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Yoga Vasistha The Art Of Self Realization PDF Free Download
Yoga Vasistha Maharamayan
THE YOGA-VASISTHA is a popular text on Non-dual God, Ancient in form and philosophical in content it is also known by other names like Knowledge Vasistha,
Maha Ramayana, Vasistha Ramayana and Vasistha and is ascribed to Sage Valmiki himself.
It is in the form of replies given by Vasistha to Sri Rama’s queries regarding philosophical problems of life and death, and human suffering, and treats the essentials of Advaita Vedanta.
Yoga Vasistha, written by Sage Valmiki, is the spiritual teaching imparted by Sage Vasistha to Sri Rama.
Yoga Vasistha is also known as the Maha Ramayana, the Uttar Ramayana and the Vasistha Ramayana It describes how Rama’s knowledge,
wisdom and understanding evolved and progressed throughout the different stages of his Yoga Vasistha is an elaborate work, consisting of 32,000 verses and 64,000 lines.
The main theme of Yoga Vasistha is that the soul is undergoing a dream from which it must awake. This dream represents our association and identification with the world.
The fact that it is described as being a dream means that whatever is in it has to be false. Nothing in a dream can be true.
Waking up from that dream is the ultimate goal, Self-realization. People who are interested in Self Realization can also study the more comprehensive Brihat Yoga Vasistha book and the smaller one, Laghu Yoga Vasistha.
The term Brihat means great, while Laghu signifies small.
The sum total of pleasures of the whole world is a mere drop when compared to the bliss of Moksha When all the desires are destroyed, the extinction of the mind where Mind becomes “No-Mind” is Moksha.
If the illusory I-ness or Ego perishes, the end of thoughts to the Maya is Moksha. Extinction of all Psychological conditioning constitutes Eternal Liberation of the Self.
Self Knowledge is the realization that the Self is in reality not bound, but always pure and free.
Realize that you are the immortal all-pervading Self and become free. This is the goal of our life and the goal of our existence.
Prahlada. the Demon King Devotee of Vishnu — Prahlada, lord of demons, is the son of Hiranykashipu who was defeated in battle by Narasimha, the man-lion incarnation of Vishnu.
Vishnu is the lord of gods, the enemies of the demons. Prahlada becomes a devotee of Vishnu, as do his demons.
Through discrimination Prahlada attains enlightenment and performs tapas for thousands of years, throwing the demon world into anarchy for lack of a ruler.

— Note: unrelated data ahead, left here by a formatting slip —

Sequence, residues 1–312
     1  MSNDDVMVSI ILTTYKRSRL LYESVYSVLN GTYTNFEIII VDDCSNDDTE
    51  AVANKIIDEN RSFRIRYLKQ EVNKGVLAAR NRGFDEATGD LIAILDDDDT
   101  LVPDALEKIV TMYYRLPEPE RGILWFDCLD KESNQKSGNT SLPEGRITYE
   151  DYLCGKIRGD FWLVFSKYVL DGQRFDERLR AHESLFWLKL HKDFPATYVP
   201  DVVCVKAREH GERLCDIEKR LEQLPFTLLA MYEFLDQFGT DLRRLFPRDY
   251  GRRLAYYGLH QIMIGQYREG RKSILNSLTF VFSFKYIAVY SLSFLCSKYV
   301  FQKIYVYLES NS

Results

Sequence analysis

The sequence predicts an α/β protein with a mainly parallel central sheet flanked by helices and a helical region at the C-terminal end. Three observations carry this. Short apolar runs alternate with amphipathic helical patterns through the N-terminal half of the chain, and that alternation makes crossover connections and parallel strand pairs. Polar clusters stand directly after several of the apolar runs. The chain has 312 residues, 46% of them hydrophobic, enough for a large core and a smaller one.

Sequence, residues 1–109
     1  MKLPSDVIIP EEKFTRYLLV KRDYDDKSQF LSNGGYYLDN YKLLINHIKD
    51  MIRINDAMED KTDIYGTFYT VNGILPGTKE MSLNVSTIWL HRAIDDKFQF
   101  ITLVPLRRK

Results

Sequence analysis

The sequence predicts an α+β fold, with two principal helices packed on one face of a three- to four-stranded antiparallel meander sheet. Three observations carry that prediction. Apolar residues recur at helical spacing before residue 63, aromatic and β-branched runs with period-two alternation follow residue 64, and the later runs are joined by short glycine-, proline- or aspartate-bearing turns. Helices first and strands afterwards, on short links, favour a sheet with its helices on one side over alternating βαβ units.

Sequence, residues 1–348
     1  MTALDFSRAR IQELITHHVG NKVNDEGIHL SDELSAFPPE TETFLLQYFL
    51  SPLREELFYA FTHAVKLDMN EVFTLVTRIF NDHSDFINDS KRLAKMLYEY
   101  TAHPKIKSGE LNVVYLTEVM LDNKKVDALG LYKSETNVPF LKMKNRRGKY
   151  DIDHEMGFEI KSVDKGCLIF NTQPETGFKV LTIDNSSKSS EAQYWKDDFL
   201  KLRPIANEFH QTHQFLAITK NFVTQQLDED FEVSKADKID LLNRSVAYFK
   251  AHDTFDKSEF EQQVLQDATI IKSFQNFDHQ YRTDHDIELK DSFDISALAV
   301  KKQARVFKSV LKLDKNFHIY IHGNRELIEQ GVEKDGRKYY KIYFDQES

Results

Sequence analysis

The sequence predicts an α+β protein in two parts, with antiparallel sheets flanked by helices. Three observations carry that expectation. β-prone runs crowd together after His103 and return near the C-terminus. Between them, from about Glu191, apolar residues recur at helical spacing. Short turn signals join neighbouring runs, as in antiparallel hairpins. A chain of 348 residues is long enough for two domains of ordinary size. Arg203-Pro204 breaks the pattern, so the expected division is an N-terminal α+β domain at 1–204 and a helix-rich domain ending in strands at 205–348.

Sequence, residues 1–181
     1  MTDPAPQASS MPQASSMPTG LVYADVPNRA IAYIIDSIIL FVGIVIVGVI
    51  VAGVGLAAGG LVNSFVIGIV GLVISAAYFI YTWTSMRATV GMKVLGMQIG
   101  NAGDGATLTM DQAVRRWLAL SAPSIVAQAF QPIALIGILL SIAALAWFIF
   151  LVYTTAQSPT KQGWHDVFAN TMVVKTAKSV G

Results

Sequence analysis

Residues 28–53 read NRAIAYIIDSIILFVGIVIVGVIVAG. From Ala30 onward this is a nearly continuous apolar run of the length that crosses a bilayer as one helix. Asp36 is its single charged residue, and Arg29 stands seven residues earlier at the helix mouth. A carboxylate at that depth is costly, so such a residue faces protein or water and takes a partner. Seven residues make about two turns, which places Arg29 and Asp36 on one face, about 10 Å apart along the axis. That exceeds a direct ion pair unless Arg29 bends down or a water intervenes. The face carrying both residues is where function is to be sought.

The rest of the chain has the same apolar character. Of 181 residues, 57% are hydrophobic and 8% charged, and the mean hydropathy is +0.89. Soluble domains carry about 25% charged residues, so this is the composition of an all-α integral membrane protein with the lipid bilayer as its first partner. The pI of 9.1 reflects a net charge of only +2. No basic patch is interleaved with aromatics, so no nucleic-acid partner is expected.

Vishnu awakens Prahlada, explains living-liberation, and Prahlada resumes his governing duties. (V.30-41)
Gadhi — Gadhi the brahmin looses consciousness as he performs his ritual bathing.
He wakes up as a child in the womb of a tribal woman.
He lives a lifetime among tribals until he outlives his contemporaries, then wanders to a rich city, Kira.
There the royal elephant chooses him to be the successor king.
After eight years of rule, the citizens discover he is a tribal, so brahmins and ministers immolate themselves in disgust.
Gadhi does the same, and as he throws himself on his own funeral pyre, he wakes up and realizes that his entire life as a tribal and a king was a brief daydream But the dream seemed so real that Gadhi travels to where he lived as a tribal and where he ruled as king.
Three times he explores, interviews witnesses, and thinks that it had all really happened. Three times he does tapas to Lord Vishnu who tells him it was just in his mind.
Uddalaka — Uddalaka practices discrimination, meditates in samadhi, and practices pranayama breath control.
The story is an occasion to explain some aspects of pranayama.
King Suraghu — King Suraghu of the Kiratas (indigenous peoples of the Himalayan foothills) receives instruction from sage Mandavya, practices self-inquiry, and attains Self-realization.
King Parigha — King Parigha of Persia, disheartened by a severe famine, performs tapas and becomes known as Parnada (“Leaf-eater”).
He wanders about and meets his old friend, the now Selfrealized King Suraghu of the Kiratas and they discuss enlightenment.
Bhasa and Vilasa — The two friends grow up in the ashram of sage Atri, then wander off to perform severe austerities but without gaining true knowledge.
They meet again as old hermits, converse, and finally attain liberation. (V.65-66)
Vitahavya — Vitahavya abandons his practice of puja and yagna (ritual worship and fire sacrifices) and practices self-inquiry He attains samadhi and performs tapas in a cave for such a long time that his body becomes inert and is covered in deep mud and clay.
The sage devotionally bids farewell to the various aspects of his body and attains liberation
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Yoga Vasistha Maharamayan: The Art of Self Realization PDF Free Download